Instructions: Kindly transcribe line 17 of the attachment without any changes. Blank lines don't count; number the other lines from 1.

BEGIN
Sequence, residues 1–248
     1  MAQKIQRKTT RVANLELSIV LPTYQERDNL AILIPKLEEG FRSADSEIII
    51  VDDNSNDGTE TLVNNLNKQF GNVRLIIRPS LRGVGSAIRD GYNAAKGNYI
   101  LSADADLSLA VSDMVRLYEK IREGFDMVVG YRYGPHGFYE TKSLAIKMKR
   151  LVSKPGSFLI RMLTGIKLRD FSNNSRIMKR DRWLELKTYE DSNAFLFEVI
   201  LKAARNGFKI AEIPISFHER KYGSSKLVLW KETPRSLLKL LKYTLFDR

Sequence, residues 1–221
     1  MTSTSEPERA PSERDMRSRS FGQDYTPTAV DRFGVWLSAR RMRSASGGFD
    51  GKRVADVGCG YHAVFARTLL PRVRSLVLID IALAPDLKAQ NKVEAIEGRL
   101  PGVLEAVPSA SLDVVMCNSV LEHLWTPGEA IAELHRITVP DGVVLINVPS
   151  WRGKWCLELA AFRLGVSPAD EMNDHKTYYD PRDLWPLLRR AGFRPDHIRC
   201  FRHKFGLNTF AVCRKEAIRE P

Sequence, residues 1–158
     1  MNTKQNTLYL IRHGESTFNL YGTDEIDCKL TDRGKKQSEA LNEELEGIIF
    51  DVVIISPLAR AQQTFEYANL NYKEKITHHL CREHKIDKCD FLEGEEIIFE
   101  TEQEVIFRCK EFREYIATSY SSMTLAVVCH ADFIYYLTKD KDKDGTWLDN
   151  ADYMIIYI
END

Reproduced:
   151  ADYMIIYI